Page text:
Holographic interferometry is a technique which enables static and dynamic displacements of objects with optically rough surfaces to be measured to optical interferometric precision (i.e to fractions of a wavelength of light). These measurements can be applied to stress, strain and vibration analysis, as well as to non-destructive testing. It can also be used to detect optical path length variations in transparent media, which enables, for example, fluid flow to be visualised and analysed. It can also be used to generate contours representing the form of the surface.
Holography enables the light field scattered from an object to be recorded and replayed. If this recorded field is superimposed on the 'live field' scattered from the object, the two fields will be identical. If, however, a small deformation is applied to the object, the relative phases of the two light fields will alter, and it is possible to observe interference. This technique is known as live holographic interferometry.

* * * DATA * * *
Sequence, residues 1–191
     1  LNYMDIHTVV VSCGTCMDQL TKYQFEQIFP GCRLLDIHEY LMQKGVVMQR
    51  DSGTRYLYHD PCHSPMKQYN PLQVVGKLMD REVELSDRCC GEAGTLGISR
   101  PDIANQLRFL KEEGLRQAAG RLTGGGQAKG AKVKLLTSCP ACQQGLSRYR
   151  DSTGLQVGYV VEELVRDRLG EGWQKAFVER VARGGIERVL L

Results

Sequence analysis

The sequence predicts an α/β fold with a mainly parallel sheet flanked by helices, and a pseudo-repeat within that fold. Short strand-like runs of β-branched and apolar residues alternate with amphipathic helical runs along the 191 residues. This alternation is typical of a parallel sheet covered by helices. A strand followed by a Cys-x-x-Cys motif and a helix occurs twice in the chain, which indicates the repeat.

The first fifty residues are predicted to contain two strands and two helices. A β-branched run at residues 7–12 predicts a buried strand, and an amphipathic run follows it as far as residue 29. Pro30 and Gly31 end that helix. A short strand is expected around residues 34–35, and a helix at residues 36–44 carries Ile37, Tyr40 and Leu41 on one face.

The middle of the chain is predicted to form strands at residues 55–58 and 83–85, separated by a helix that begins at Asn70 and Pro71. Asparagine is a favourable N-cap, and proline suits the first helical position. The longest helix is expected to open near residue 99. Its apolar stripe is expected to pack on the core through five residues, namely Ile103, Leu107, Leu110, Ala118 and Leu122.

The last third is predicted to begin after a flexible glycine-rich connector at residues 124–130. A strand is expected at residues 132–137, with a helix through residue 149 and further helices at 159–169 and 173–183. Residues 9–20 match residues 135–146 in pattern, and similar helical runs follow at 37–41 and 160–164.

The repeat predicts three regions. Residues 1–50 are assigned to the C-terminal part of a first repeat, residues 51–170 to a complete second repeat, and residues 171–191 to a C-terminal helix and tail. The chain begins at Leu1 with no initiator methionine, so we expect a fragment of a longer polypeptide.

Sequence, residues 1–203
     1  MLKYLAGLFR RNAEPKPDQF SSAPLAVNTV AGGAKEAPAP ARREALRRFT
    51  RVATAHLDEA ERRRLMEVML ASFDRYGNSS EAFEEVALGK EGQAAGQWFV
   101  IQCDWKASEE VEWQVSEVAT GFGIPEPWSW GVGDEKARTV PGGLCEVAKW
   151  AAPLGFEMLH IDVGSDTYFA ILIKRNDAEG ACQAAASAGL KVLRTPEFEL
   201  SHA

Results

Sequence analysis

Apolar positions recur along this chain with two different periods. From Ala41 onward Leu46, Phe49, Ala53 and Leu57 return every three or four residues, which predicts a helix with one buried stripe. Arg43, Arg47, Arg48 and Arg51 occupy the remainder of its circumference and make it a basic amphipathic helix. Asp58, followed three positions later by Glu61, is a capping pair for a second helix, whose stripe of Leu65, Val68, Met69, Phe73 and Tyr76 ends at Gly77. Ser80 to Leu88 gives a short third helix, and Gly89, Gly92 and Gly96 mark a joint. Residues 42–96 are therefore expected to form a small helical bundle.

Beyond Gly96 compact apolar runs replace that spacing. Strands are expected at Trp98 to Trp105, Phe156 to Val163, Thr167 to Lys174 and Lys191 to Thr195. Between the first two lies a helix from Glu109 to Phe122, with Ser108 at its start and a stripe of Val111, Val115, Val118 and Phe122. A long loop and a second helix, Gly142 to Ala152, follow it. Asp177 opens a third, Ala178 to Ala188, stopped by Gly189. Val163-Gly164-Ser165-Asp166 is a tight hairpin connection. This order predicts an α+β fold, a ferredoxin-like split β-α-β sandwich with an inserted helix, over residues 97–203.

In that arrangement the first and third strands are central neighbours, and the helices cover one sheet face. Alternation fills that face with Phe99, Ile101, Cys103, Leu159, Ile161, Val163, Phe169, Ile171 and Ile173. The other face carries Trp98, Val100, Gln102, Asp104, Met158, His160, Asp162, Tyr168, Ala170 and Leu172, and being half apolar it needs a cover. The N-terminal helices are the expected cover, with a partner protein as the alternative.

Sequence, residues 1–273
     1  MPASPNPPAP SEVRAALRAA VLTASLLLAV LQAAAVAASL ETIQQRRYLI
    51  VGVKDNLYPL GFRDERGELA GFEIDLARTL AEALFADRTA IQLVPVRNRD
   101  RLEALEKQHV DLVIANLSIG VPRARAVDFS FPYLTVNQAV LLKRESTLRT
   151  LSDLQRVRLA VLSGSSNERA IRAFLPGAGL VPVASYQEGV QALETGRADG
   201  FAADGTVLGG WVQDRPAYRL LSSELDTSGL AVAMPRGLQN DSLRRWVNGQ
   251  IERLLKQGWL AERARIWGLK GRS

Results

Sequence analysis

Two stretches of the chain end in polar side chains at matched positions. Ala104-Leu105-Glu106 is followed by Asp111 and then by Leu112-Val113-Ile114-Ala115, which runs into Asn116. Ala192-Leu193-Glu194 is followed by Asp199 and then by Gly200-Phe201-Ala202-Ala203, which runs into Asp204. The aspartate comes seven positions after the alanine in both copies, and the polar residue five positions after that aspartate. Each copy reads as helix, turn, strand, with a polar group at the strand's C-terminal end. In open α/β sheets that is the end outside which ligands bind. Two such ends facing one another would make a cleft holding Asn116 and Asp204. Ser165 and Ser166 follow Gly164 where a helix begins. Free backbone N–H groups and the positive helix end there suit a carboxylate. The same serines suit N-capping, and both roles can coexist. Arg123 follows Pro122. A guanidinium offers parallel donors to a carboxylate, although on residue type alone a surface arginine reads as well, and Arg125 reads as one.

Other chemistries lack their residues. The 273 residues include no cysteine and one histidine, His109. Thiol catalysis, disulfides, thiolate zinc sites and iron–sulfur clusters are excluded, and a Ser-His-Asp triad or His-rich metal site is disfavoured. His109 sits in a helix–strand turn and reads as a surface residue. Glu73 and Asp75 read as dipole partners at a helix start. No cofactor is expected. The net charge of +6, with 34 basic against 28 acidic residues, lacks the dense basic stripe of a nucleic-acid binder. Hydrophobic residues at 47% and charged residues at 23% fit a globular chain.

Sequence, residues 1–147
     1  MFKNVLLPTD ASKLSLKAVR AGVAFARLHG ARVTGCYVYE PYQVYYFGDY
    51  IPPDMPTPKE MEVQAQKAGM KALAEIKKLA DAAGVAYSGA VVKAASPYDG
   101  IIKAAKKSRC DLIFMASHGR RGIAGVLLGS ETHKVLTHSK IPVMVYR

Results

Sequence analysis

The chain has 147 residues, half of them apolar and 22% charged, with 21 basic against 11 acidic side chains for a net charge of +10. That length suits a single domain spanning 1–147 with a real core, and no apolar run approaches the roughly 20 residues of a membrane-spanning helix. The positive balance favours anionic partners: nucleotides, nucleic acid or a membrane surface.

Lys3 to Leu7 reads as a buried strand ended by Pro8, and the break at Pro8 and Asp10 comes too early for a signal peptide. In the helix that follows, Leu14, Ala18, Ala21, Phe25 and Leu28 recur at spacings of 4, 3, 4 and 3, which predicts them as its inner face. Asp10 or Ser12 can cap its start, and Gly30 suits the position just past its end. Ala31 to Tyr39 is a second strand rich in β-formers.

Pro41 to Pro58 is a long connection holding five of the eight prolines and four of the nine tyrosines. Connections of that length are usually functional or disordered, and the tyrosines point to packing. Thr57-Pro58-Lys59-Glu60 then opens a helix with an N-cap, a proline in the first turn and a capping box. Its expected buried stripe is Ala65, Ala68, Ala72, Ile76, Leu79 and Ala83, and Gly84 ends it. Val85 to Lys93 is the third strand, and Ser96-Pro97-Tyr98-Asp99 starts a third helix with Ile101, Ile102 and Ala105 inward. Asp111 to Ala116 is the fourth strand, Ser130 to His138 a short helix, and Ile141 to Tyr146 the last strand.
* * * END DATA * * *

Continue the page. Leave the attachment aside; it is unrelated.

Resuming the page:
The form of the fringe pattern is related to the changes in surface position or air compaction.
Many methods of analysing such patterns automatically have been developed in recent years. (wikipedia)